The aim of the present study was to investigate the potential benefits of cold water immersion (CWI) and active recovery (AR) on blood lactate concentration ([Lac]) and heart rate variability (HRV) indices following high-intensity exercise. 20 male subjects were recruited. On the first visit, an incremental test was performed to determine maximal oxygen consumption and the associated speed (MAS). The remaining 3 visits for the performance of constant velocity exhaustive tests at MAS and different recovery methods (6 min) were separated by 7-day intervals [randomized: CWI, AR or passive recovery (PR)]. The CWI and AR lowered [Lac] (p<0.05) at 11, 13 and 15 min after exercise cessation in comparison to PR. There was a 'time' and 'recovery mode' interaction for 2 HRV indices: standard deviation of normal R-R intervals (SDNN) (partial eta squared=0.114) and natural log of low-frequency power density (lnLF) (partial eta squared=0.090). CWI presented significantly higher SDNN compared to PR at 15 min of recovery (p<0.05). In addition, greater SDNN values were found in CWI vs. AR during the application of recovery interventions, and at 30 and 75 min post-exercise (p<0.05 for all differences). The lnLF during the recovery interventions and at 75 min post-exercise was greater using CWI compared with AR (p<0.05). For square root of the mean of the sum of the squares of differences between adjacent R-R intervals (RMSSD) and natural log of high-frequency power density (lnHF), a moderate effect size was found between CWI and PR during the recovery interventions and at 15 min post-exercise. Our findings show that AR and CWI offer benefits regarding the removal of [Lac] following high-intensity exercise. While limited, CWI results in some improvement in post-exercise cardiac autonomic regulation compared to AR and PR. Further, AR is not recommended if the aim is to accelerate the parasympathetic reactivation.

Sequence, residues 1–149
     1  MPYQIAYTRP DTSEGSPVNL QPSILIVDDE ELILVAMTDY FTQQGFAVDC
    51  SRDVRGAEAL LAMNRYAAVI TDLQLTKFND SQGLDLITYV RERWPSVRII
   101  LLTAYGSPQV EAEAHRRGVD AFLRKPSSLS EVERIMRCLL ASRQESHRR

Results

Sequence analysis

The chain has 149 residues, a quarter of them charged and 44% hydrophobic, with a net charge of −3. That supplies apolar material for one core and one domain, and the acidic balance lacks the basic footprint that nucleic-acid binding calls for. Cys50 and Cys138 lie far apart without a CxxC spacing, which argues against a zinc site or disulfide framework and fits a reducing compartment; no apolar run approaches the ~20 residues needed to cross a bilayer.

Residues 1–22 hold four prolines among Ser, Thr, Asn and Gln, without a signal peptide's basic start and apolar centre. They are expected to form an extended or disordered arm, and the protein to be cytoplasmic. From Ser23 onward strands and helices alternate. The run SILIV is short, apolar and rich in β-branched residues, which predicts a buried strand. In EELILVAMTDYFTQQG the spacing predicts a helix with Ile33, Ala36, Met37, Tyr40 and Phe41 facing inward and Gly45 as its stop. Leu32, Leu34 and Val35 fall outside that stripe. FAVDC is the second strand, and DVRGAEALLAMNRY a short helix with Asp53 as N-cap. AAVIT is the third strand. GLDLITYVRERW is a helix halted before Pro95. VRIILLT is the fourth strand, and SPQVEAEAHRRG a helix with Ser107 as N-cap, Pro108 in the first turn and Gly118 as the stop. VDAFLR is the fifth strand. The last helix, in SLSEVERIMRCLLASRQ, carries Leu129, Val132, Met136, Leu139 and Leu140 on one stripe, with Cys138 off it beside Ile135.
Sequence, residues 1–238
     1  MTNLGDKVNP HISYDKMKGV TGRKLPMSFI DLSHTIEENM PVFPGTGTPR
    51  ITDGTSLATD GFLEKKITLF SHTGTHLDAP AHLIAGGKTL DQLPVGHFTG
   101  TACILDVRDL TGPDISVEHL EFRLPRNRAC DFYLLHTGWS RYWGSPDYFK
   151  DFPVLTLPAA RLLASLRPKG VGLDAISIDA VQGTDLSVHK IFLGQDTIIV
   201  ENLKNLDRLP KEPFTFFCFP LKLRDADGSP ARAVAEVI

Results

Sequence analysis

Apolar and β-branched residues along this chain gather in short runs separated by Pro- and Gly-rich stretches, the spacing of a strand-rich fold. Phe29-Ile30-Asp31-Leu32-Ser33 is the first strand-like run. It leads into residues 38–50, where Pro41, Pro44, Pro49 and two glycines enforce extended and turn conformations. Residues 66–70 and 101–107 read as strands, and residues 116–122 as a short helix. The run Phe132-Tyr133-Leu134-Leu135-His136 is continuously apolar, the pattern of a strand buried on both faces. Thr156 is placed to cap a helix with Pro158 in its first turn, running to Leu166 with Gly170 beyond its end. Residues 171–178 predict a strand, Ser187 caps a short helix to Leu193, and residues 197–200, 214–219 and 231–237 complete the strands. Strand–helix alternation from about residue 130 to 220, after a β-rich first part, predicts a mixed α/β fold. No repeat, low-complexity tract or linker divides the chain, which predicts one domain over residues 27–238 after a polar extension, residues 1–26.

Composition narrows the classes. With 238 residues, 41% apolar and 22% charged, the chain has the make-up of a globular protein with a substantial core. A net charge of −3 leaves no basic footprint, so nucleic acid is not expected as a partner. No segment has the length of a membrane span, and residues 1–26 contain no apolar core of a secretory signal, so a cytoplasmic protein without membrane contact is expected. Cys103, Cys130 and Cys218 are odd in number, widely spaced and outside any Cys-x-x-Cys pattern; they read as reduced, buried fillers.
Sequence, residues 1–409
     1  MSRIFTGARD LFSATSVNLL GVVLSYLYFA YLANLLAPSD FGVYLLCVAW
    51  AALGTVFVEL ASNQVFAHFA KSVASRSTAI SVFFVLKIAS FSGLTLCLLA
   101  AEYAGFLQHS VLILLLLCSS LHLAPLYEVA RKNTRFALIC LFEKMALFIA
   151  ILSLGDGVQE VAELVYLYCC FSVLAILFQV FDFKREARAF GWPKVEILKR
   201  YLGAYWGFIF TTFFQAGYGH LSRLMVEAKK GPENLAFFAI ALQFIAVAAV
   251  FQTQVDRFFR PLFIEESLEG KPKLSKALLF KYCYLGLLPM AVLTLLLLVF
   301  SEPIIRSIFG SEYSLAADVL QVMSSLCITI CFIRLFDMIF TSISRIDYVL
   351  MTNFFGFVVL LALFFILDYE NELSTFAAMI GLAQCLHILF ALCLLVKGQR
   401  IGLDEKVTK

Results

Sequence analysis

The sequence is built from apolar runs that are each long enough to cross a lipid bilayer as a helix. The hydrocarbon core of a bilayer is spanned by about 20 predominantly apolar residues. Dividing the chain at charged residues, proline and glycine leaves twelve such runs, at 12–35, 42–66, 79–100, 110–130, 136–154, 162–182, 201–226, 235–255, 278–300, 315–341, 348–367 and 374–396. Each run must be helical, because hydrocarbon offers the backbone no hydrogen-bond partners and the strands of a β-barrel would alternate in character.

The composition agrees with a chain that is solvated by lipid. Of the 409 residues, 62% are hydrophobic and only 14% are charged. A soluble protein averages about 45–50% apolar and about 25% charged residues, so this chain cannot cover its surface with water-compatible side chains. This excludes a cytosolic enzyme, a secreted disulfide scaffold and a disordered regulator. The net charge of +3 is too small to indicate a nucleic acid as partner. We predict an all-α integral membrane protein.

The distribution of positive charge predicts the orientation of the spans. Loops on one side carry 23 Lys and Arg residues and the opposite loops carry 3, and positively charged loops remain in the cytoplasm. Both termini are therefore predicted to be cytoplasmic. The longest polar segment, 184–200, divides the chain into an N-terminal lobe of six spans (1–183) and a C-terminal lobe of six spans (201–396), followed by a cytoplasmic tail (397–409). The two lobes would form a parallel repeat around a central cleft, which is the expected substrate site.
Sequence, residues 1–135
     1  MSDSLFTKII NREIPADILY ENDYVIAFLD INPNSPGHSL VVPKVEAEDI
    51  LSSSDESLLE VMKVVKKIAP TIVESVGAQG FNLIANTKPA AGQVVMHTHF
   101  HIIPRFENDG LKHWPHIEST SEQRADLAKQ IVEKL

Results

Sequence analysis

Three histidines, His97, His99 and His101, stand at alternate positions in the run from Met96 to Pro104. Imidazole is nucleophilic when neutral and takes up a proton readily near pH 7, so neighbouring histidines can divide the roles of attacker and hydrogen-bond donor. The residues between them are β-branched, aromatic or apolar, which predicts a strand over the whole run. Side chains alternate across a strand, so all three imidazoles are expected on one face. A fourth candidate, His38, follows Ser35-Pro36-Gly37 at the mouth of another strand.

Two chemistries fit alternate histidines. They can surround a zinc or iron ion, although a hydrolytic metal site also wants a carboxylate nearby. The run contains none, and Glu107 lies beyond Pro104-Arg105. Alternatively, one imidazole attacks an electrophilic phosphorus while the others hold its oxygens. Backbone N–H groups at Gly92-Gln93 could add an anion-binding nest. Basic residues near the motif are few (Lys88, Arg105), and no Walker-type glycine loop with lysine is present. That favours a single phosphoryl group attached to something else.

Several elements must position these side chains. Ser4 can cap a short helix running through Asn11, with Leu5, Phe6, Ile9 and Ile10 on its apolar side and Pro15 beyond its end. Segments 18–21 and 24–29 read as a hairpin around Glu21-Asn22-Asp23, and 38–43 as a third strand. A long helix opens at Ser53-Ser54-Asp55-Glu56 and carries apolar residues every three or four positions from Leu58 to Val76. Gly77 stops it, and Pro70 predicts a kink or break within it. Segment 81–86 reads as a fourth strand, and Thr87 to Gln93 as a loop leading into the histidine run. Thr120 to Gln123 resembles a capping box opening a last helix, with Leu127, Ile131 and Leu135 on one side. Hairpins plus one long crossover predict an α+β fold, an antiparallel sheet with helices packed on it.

© Georg Thieme Verlag KG Stuttgart · New York.